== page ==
>

'proper meal?? WTF does THAT mean??

[Italians stop reading, roll eyes, slap forehead]

Lou Holtman

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Sep 22, 2021, 4:51:29 PMSep 22
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On Wednesday, September 22, 2021 at 10:14:09 PM UTC+2, William Crowell wrote:
> I like to stop at my favorite Italian restaurant on my way back home from the ride and have a plate of their sauteed chicken with a couple of side orders of gnocchi with pesto sauce (with plenty of parmesan), followed by a gelato. This will usually cure any feelings of faintness that I may have had, and tide me over until I get home and can prepare a proper meal.


Wow. Like the deacon I don't need any food during a for me normal 80-90 km ride, but this year I allow myself a short break (10 min) to give my back and hip a short rest. For that I choose a nice and quiet place and eat whatever I took with me:
https://photos.app.goo.gl/3obx4YhjVS2ret6i8
or I stop at a bakery were the pastry is fresh and you don't get ripped off like in a lot of restaurants over here:
https://photos.app.goo.gl/kFNgW48TxnPAw8UB9
I always take two water bottles with me in the summer.

Lou

ritzann...@gmail.com

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Sep 22, 2021, 4:57:20 PMSep 22
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On Tuesday, September 21, 2021 at 6:30:40 PM UTC-5, cycl...@gmail.com wrote:
> Most of this stuff I tried would give you a real quick boost but would disappear just as rapidly. Have you tried anything that works well? The last thing I tried was Monster which gave me a good boost but those cans don't fit in a water bottle holder.

For short rides, anything and everything should and does work fine. Calories are all that matter. Get calories in your body. For long events such as randonneur rides. 200, 300, 400, 600, 1000, 1200 kilometer events over a set amount of time, the eating of regular food is encouraged. But due to the extended length of the rides and your body, this may or may not be possible. When I rode these events, on the longer events 400k and up, where I sometimes did not stop for a sleep break, I used various powder energy drinks with added protein powder. As well as lots of sugary drinks. When exercising constantly, liquid energy works and settles better than solid food. On Paris Brest Paris, the 1200 km, 750 mile, randonneur event in France every four years in August. They have kitchens set up at the main control stops to feed the 5000 riders. They serve and cook regular type food for the riders. I never ate anything from these kitchens when I rode PBP 2007. I lived for three days on just energy drinks as I described before. And sugary drinks such as orange juice, grape juice, soda pop. No solid food for me.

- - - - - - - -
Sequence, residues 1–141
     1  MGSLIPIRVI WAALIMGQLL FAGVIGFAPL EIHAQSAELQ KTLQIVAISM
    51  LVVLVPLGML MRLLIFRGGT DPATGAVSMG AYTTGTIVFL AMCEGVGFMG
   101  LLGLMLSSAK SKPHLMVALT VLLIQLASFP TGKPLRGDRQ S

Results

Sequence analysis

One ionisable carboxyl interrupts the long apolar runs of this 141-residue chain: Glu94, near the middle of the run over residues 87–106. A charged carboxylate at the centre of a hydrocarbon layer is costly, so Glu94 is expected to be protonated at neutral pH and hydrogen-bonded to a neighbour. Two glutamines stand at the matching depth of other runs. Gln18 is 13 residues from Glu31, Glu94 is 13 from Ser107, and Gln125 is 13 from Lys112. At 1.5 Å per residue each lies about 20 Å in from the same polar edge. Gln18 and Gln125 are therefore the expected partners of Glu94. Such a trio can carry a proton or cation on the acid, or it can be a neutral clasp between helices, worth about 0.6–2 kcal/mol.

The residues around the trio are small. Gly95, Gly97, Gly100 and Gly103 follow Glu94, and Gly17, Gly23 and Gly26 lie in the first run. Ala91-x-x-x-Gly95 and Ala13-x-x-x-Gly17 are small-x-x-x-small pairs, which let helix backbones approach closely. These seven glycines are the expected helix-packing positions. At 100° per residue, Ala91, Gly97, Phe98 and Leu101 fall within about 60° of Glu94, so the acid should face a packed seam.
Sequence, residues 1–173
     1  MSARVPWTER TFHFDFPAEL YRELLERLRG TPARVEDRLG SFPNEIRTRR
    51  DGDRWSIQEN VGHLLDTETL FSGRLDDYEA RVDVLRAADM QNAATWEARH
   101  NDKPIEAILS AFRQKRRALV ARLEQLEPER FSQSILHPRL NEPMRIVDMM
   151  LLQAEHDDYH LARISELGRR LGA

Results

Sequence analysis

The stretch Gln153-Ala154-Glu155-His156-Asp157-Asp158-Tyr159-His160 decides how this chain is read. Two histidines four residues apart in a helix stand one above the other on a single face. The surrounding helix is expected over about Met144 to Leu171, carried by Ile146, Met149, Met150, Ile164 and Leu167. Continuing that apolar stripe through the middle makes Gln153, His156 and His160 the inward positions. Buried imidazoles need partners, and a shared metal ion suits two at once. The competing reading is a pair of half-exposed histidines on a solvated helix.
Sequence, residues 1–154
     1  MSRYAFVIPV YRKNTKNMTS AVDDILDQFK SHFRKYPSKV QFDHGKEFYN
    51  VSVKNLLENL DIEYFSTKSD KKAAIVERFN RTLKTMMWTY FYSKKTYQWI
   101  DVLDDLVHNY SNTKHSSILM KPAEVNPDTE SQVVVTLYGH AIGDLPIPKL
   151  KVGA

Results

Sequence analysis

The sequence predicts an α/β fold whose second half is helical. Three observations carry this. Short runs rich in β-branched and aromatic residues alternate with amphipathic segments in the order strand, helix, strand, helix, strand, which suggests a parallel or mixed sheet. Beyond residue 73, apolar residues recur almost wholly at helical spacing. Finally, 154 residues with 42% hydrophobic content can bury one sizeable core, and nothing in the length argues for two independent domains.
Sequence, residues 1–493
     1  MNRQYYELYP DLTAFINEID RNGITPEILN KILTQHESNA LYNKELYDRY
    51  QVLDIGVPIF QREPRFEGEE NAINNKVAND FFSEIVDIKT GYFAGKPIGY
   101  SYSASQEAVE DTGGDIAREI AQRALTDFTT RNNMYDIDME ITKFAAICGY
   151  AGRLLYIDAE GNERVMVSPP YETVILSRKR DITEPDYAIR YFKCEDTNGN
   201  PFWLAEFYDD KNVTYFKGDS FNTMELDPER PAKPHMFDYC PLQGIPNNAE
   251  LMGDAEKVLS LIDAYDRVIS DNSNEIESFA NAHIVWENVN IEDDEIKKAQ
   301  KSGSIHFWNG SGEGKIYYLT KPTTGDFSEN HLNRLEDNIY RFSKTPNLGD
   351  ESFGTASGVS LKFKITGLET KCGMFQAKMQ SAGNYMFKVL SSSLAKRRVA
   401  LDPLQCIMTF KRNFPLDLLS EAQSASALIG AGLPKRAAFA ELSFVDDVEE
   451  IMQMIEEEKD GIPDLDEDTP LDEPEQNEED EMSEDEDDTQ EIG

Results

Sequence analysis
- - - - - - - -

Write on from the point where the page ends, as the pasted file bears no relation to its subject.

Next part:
Ralph Barone

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Sep 22, 2021, 9:12:46 PMSep 22
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AMuzi <a...@yellowjersey.org> wrote:
> On 9/22/2021 3:14 PM, William Crowell wrote:
>> I like to stop at my favorite Italian restaurant on my way back home
>> from the ride and have a plate of their sauteed chicken with a couple of
>> side orders of gnocchi with pesto sauce (with plenty of parmesan),
>> followed by a gelato. This will usually cure any feelings of faintness
>> that I may have had, and tide me over until I get home and can prepare a proper meal.
>>
>
> 'proper meal?? WTF does THAT mean??
>
> [Italians stop reading, roll eyes, slap forehead]
>

“The problem with Italian food is that you eat it and two days later,
you’re hungry again.”

Tom Kunich

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Sep 23, 2021, 10:57:19 AMSep 23
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The difference between slav food and Italian food is a small difference in the sauces.

William Crowell

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Sep 23, 2021, 1:12:02 PMSep 23
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"Wow."